nicky8694 — 2012-10-24T18:25:40-04:00 — #1
Ive just completed a website and it take along time to load a page after i publish it .i sliced and converted most of the images from Adobe Fireworks
and save them and png, the file size for the home page is over 800mb is this too high . pls can some one help as im new to the site and sort of new to webdesign
thank u Nicky
ralphm — 2012-10-24T19:02:12-04:00 — #2
Hi nicky. Welcome to the forums.
:eek: :eek: :eek: :eek:
Yes, that's about 10000 times bigger than it should be—seriously.
One thing you need to do with images is use the Save for Web feature, which strips out all of the unnecessary data. You should be able to get the images to well under 100kb each. Also, be careful not to use more images than necessary. The word "slice" is kind of out of date, in my opinion, as you mostly shouldn't need to slice images at all with modern CSS.
nicky8694 — 2012-10-24T19:18:42-04:00 — #3
Thank you Ralph .m .is there a way on fireworks I can convert.the images.and also shall I convert to jpg?
ralphm — 2012-10-24T19:29:43-04:00 — #4
I don't use Fireworks, but yes, it does have a Save for Web option, and you can choose any format—jpg, gif, png etc. I usually choose whicherver version turns out smaller.
john_betong — 2012-10-25T00:13:51-04:00 — #5
I used to do that but now make a special point of saving all web images as JPGs. The reason is that the PHP thumbnail software I use reduces the dimensions of a PNG but the file size is huge compared to an equivalent JPG formatted imagel.
ralphm — 2012-10-25T00:16:06-04:00 — #6
Yeah, usually pngs are bigger, but only by a little bit in Ps/Fw. So I tend to use them only if I need a crisper image or transparancy. I alwasy like to check the versions, just to see what's available.
sdgsteve — 2012-11-08T08:53:51-05:00 — #7
Biggest web page ever!
It might sound obvious but are you sizing the images to be the right size? Usually when I come across vast pages they have images 3000px wide for 100px thumbnails, all they need to do is size the images properly and the file size comes right down.
jonasmarsh621 — 2012-11-08T20:15:18-05:00 — #8
Talk about big. That is one big image. I usually go for smaller types but are easy on the eyes. Sometimes average sizes are best for a website.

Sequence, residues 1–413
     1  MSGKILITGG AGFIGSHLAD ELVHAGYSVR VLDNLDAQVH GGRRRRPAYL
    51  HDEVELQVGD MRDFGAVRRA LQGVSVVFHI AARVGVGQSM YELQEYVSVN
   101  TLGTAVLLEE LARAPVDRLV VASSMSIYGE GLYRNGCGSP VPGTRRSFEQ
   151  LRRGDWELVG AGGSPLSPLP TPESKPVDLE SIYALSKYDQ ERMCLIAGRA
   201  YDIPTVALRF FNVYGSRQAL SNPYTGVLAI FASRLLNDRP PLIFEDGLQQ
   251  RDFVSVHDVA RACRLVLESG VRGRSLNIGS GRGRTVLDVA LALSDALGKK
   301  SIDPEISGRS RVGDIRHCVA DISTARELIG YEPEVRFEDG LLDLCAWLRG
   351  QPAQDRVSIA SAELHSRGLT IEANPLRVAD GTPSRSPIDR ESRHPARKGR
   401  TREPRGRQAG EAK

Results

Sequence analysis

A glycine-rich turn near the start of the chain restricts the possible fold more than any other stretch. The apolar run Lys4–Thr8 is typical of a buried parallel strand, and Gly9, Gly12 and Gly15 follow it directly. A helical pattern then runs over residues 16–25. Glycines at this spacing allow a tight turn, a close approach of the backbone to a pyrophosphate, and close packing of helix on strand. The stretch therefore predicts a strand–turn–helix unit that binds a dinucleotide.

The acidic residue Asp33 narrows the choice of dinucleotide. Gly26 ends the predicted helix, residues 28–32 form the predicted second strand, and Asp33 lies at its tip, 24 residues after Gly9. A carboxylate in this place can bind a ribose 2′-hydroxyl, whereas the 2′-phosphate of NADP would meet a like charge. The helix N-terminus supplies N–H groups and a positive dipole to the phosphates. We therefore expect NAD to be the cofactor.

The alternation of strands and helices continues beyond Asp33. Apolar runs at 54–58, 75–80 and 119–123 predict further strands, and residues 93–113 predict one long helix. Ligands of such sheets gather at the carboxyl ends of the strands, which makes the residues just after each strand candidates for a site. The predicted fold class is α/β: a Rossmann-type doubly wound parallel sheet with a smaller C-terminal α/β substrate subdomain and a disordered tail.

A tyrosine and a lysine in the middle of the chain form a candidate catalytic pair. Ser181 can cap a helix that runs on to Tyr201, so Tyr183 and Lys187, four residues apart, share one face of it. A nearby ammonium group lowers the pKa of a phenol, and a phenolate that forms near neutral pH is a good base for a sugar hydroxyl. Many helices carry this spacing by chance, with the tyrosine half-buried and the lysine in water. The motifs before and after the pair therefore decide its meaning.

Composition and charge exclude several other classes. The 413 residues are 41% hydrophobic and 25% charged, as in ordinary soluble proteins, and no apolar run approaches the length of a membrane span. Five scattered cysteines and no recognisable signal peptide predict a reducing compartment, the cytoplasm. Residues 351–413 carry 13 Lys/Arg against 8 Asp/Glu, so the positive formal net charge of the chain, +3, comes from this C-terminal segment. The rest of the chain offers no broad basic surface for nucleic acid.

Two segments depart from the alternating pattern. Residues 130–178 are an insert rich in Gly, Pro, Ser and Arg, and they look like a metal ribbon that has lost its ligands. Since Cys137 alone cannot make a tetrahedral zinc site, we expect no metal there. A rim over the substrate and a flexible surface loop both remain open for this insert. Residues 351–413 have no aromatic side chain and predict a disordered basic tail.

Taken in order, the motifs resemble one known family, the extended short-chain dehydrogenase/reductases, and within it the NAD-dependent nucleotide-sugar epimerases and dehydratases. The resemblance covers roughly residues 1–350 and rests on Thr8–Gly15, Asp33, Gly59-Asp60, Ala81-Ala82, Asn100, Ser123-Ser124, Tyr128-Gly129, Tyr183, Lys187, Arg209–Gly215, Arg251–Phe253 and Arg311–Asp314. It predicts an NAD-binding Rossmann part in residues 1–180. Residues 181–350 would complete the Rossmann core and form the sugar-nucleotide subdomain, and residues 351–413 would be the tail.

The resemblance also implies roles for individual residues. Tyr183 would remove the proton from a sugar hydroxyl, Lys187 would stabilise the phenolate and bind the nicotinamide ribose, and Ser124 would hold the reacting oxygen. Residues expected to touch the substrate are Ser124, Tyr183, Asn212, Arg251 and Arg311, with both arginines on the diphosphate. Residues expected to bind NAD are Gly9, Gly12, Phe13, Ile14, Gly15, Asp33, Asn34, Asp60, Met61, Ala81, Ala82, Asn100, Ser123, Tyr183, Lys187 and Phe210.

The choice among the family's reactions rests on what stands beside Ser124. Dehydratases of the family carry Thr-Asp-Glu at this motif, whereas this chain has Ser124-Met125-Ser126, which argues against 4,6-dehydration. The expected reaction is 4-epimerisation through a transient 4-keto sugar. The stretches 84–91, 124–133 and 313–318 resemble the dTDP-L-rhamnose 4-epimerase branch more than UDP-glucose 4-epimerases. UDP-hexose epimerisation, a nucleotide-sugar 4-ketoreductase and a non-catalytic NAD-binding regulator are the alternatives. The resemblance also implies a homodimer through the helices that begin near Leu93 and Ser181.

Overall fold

resabi — 2012-11-13T09:55:25-05:00 — #9
Greetings, here's a few tips:
If you have linear gradients in your background, try slicing an image 1px wide (if vertical) or high (if horizontal), and use with CSS background repeat property. This can dramatically reduce the size of images for the background. There's another way to do it without images in CSS3, but some old browsers won't support it.
Put as much text as possible in the HTML as text instead of image. This would probably save you lots of megabytes. You can format it with CSS also.
If you have a large image that really has to be left as an image, try saving it as JPG (lower the quality if possible to get an optimal file size) and turn Progressive on. If it's still too large, slice it into smaller images so they could load separately, but in most cases this is unnecessary.
Hope this helps.
sahostking — 2012-11-22T07:33:55-05:00 — #10
I used PunyPNG website - it's quite good for this task
promptspace — 2012-11-22T12:01:28-05:00 — #11
I am still guessing that most of your content has not been sliced and coded properly and you are using large PNG slices. Quite difficult to get a page size that huge upon slicing.
felgall — 2012-11-22T15:20:48-05:00 — #12
But the only older browsers that are still in use are all versions of Internet Explorer which have their own proprietary way of creating linear gradients and so if you use IE conditional comments you can create linear gradients in all modern browser without needing any images at all.
vincewicks — 2012-11-27T09:06:30-05:00 — #13
Try to turn on gzip compression on your webserver. Also nginx with LAMP most likely will improve speed of website loading.
hanisharun_com — 2012-12-02T23:03:22-05:00 — #14
yes used gzip compression, the use page cache for your website..I've write in brief on this here if you want to read.
Next thing is, separate image file with high size in different location. I always use 3rd party storage provider to store images, then place the link to the images on your website. This means you will have just a lines of code to refer to the image instead of store the image with you main website.
You can test your website performance here, I always test using this site SEO site Checkup
seanuk — 2012-12-03T04:24:45-05:00 — #15
it's great to use gzip, etc for compressing a site down, but before any of that ensure the site is optimised as much as possible first.
for images follow this general rule of thumb:
JPG: photos or images containing gradients
GIF: images of flat colour
PNG images of flat colour or image containing transparency
using PNGs throughout isn't recommended - they are great for images containing only flat colour but as soon as you have a gradient or blend of colours the file size goes through the roof.
if you post a link to the site, it will help people see specifically where you're going wrong to offer better advice.
picnictutorials — 2012-12-03T15:46:56-05:00 — #16
After you've fixed your image problem - put all JS in one file at the bottom of your website - and cache and gzip your site via htaccess http://www.visibilityinherit.com/code/yslow-&-google-page-speed-htaccess-code-how-to-speed-up-your-website.php
My site doesn't even load. It just pops open all at once
cotalika — 2012-12-06T03:56:35-05:00 — #17
if you want to make your website quickly accessible try not much showing on the home page, try setting it on the homepage only a few are displayed.